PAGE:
The building is now privately owned by Greg and Robyn Medway and the silo installation – which now enjoys a spot among the multiple on the National Silo Trail – was seen as a way to lift tourism in the twin towns.

The new mural on the Murrumburrah Mills will be officially opened by Heesco on Sunday October 9. Image: Keith Ward

The new west-facing artwork will reflect the town’s gold mining history and features musicians from that era, attracting even more happy snappers.

Now, hand in hand with the annual Kite Festival, the skies above Harden – be they grey or blue that weekend – will be filled with guaranteed colour as professional kite flyers from all over Australia descend on the town’s racecourse with their array of beautiful, colourful, eye-catching kites.

Here giant whales, crabs, butterflies, spiders, and SpongeBob SquarePants – to name a few – duke it out for wind, space and pace while on the ground visitors from throughout the Canberra and Hilltops region mingle at markets.

Harden-Murrumburrah Arts Council is encouraging people to stay over and experience both events.

READ ALSO Daughter of Hilltops coffee family turns her hand to tea

They say the Silo Art Fest, especially given the new artwork, reflects the community’s move towards a higher level of artistic achievement which encourages local artists and musicians and welcomes those from the international stage.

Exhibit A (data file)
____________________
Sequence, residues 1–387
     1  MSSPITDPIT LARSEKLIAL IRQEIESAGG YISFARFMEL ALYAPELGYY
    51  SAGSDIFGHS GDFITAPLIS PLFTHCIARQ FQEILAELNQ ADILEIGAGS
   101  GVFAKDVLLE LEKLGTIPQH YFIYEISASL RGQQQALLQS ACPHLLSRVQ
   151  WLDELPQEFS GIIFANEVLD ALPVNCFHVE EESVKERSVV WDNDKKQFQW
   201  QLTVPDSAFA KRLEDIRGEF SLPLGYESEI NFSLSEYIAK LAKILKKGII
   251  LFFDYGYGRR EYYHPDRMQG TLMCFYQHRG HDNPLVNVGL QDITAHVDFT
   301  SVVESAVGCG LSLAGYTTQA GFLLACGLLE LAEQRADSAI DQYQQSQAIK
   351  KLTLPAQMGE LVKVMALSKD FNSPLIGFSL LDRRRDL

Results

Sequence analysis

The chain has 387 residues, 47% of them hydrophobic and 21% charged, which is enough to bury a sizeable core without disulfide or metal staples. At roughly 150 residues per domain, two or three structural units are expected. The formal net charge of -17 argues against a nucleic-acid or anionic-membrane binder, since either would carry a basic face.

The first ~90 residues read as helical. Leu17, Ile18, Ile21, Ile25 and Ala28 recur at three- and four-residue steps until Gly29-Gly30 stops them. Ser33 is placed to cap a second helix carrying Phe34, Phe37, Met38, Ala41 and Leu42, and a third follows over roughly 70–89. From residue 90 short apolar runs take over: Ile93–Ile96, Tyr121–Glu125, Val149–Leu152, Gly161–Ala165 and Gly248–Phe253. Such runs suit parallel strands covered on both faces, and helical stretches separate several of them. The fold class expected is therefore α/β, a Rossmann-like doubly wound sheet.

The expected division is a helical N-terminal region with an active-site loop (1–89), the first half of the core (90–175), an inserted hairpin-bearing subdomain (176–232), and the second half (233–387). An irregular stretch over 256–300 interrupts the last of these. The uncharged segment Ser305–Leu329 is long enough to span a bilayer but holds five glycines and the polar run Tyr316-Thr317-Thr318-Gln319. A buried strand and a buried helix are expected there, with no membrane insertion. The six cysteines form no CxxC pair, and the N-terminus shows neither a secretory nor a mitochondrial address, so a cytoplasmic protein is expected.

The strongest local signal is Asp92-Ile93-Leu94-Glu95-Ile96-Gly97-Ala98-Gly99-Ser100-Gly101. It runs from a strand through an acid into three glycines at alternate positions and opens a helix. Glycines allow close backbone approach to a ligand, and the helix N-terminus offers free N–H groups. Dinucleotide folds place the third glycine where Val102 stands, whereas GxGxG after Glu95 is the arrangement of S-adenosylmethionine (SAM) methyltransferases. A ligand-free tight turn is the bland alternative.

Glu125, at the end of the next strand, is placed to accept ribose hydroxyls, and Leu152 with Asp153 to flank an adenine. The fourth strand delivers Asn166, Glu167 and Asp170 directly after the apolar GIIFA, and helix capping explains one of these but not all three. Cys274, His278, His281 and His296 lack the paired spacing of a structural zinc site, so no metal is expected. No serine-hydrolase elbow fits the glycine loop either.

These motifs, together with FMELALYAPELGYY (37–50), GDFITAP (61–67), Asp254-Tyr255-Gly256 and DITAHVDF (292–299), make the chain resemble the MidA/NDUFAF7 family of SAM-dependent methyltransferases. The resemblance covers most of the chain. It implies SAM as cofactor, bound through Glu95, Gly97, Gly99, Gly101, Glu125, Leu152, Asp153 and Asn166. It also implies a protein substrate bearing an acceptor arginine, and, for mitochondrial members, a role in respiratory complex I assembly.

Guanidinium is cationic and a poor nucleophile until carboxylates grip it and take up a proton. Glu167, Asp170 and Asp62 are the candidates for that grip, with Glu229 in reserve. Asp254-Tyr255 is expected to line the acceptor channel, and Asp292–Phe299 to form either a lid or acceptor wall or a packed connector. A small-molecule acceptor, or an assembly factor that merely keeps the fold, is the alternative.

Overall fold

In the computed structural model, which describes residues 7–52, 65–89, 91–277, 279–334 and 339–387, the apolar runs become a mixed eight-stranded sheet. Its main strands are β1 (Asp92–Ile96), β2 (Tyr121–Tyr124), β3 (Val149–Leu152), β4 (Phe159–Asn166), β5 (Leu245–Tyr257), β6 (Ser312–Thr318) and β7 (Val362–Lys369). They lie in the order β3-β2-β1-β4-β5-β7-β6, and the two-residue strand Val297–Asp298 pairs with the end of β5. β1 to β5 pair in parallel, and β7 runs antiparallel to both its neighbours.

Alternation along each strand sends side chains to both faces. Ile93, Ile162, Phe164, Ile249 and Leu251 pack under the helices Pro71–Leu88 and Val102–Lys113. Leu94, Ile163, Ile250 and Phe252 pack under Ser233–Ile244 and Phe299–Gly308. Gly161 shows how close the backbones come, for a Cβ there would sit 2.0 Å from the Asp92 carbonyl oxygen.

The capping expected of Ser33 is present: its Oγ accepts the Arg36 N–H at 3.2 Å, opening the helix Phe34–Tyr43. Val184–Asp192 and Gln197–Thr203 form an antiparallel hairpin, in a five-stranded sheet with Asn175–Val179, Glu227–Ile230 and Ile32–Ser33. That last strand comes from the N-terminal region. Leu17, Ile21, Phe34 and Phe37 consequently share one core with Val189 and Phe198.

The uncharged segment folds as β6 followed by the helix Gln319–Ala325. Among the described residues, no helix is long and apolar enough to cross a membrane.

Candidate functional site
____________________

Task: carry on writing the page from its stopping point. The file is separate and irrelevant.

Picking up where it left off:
Already this year, the twin towns have welcomed Aussie pianist, Emma Stephenson, from Brooklyn, New York and Bach in the Dark with nationally-acclaimed musicians including Dr Deborah De Graaff, Australia’s leading flautist.

This move toward internationally accomplished musicians has been backed by Harden Regional Development Corporation (HRDC) and the Silo Sounds Inc.

This collective of elite musicians and music lovers resided in Harden Murrumburrah and is led by Dr Deborah de Graaff, Leah Lock and Stewart Bruce, who are dedicated to presenting top-end recital experiences in the beautiful Ross Memorial Uniting Church in Murrumburrah.

With the recent purchase of an exceptional Yamaha SX6 recital piano, they say they are ready to “take on the world” of chamber music and already have a diary filling up with magnificent soloists and chamber music performers.

One such occasion is Saturday evening, 8 October when Dr Deborah de Graaff, on clarinet, and Tonya Lemoh, on piano, present Rags Bags and Tangos: Music of Dance, Glamour and Enchantment.

This night of music by Gershwin, Piazzola, Kats-Chernin, Pikler, Templeton, Debussy and Ginestera will be completed by a wonderful candlelit supper.

The Silo Art Fest the following day is encouraging people to get involved with art through hands-on experience of First Nation weaving, sculpture, paint pouring, painting, wood-turning and patina alchemy.

And, in a salute to the town’s heritage, amid the bush bands and hot dampers, there’s the opportunity to try your luck at gold panning.

For more information on the Harden Kite Festival click here and for more details on the National Silo Art Trail click here.